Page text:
Moreover, the experience of several states shows that the dry law can never be successful. Haryana had banned liquor in 1996, but had to revoke it in 1998. Similarly, the combined Andhra Pradesh’s tryst with total prohibition in 1994 barely lasted three years. Kerala banned alcohol in 2014, but a change of government in 2017 saw the policy being reversed.

Emotional appeal

During the recent election campaign, YSRCP president YS Jagan Mohan Reddy often told the gatherings that he would not seek their votes again in the next election if he fails to deliver on his promise of total prohibition by 2024.

However, the experts doubt the feasibility of the dry law in a state that is struggling to mobilise resources to fund populist schemes. “We have seen how prohibition policy has failed in several states across the country. At a time when we are aggressively seeking investments into the residuary state and desperately want investors to come in, we cannot afford such regressive policies,” noted economist Kutumbha Rao said.

Failed experiment

Andhra Pradesh’s tryst with dry law was a spectacular failure in the past. An anti-arrack agitation started by a group of women at Dubbaka village in the coastal district of Nellore in 1990 soon snowballed into a state-wide social movement. It became a dominant issue in the run up to the 1994 elections.

Telugu Desham Party’s founder NT Rama Rao, who was then in the opposition, was moved by the plight of women spearheading the agitation and promised prohibition if his party was voted to power. And, with a dramatic flourish, he had announced that the first file he would sign as chief minister would be on banning liquor.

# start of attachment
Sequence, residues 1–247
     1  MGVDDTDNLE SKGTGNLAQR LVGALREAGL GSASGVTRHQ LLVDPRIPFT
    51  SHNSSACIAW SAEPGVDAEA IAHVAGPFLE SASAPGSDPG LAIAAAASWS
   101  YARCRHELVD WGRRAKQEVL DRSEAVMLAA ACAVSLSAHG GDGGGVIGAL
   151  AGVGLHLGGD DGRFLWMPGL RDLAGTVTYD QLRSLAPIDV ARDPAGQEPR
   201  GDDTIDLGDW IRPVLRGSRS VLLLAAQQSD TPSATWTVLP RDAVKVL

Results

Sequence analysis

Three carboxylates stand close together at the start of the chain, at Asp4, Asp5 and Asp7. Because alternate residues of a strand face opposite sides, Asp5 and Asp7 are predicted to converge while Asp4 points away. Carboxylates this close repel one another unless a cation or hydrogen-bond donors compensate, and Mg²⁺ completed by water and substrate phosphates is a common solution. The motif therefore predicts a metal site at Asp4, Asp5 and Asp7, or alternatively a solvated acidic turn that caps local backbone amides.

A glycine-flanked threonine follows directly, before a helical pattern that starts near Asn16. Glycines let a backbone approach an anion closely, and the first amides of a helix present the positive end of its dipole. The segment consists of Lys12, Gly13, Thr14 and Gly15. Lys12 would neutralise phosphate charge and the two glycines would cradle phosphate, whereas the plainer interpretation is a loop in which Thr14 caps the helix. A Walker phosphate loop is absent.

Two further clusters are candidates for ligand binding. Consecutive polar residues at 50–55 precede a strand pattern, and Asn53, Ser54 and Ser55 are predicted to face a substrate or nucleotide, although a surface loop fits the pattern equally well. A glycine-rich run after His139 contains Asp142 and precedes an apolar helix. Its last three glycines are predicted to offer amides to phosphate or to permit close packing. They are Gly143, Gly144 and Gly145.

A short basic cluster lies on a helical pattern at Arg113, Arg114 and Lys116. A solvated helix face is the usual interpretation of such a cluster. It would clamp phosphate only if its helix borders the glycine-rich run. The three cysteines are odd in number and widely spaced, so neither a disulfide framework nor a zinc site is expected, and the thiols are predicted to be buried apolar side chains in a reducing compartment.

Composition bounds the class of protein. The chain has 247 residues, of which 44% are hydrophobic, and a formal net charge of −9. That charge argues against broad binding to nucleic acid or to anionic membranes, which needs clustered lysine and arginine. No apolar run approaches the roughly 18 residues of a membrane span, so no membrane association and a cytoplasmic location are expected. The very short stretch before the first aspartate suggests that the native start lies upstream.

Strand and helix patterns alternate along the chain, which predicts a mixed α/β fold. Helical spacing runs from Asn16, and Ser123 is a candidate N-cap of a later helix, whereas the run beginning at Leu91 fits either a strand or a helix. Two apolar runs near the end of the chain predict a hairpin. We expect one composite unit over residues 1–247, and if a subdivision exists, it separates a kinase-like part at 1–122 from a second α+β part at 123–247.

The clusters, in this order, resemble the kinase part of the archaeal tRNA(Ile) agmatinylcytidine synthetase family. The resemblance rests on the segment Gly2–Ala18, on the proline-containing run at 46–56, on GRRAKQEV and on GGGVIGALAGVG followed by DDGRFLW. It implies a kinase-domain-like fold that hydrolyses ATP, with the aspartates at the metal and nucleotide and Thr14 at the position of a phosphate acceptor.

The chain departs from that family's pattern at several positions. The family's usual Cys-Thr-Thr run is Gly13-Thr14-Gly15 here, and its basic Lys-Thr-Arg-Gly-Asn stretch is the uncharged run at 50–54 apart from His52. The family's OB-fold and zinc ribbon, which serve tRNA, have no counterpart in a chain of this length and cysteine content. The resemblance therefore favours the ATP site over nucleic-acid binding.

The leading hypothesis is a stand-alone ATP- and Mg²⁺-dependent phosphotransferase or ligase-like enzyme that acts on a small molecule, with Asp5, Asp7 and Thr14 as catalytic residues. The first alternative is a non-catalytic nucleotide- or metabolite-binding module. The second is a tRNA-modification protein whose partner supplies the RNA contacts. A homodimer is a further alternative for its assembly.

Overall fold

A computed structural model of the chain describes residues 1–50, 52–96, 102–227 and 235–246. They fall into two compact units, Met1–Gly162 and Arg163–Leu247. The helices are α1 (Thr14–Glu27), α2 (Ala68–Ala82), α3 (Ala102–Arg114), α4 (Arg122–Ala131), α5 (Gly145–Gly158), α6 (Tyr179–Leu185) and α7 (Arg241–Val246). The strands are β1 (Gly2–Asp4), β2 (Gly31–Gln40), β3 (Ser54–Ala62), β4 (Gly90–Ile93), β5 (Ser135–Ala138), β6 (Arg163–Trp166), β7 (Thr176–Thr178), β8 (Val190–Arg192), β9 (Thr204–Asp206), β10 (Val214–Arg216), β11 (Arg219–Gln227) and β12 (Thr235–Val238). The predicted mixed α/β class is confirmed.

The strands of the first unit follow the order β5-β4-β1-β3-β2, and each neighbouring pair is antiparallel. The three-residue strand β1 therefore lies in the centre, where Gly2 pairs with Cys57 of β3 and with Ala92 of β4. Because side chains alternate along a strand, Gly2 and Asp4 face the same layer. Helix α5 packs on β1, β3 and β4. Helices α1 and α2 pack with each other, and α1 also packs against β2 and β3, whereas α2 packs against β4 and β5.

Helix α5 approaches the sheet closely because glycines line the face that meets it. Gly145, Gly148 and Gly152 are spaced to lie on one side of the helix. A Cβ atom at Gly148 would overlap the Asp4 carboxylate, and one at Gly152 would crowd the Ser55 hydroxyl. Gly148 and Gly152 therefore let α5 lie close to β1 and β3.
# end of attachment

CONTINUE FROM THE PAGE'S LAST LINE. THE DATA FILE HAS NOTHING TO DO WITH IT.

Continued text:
He kept his promise. Within minutes of taking oath as chief minister for a second time on January 16, 1995, he announced total prohibition in the state. As a result, four breweries and 24 distilleries producing potable liquor were closed down and the state lost a revenue of ₹800 crore in the first year.

Later, some exemptions were made. The tipplers had to produce a “doctor’s certificate” to buy alcohol from special outlets run by the state breweries corporation. A ‘permit’ would cost ₹5,000 for individuals and ₹50,000 for owners of bars or ‘permit rooms’ as they were called.

Soon, the state government had to grapple with rampant smuggling and free flow of illicit liquor, besides massive loss to the exchequer.

Investors put off

One of the negative fallout of the prohibition policy was that the potential investors were put off by it. “The prohibition policy was a total failure. It only led to an increase in bootlegging,” said Jannat Hussain who was the prohibition commissioner at that time.

“Andhra Pradesh has borders with as many as five states – Maharashtra, Karnataka, Madhya Pradesh, Odisha and Tamil Nadu. How can any government prevent smuggling of liquor into the state?” he wondered.

Naidu bites the bullet

Driven against the wall by administrative problems, financial worries and increased smuggling, the Chandrababu Naidu government finally decided to do away with the prohibition.

The AP Prohibition (Amendment) Bill was passed, ending the dry law from April 1, 1997. However, the ban on arrack still continues.

“Despite our best efforts, the prohibition-related offenses, particularly illicit distillation and smuggling, have been steadily increasing in the state. The government has come to the painful conclusion that the Prohibition Act of 1995 needed to be modified to bring it in tune with ground realities,” Naidu had told the Assembly while introducing the legislation to lift the prohibition.

“Liquor sales fetch an income of nearly ₹3,000 crore per annum now, and this can be spent for improving the lot of the poor,” he had said.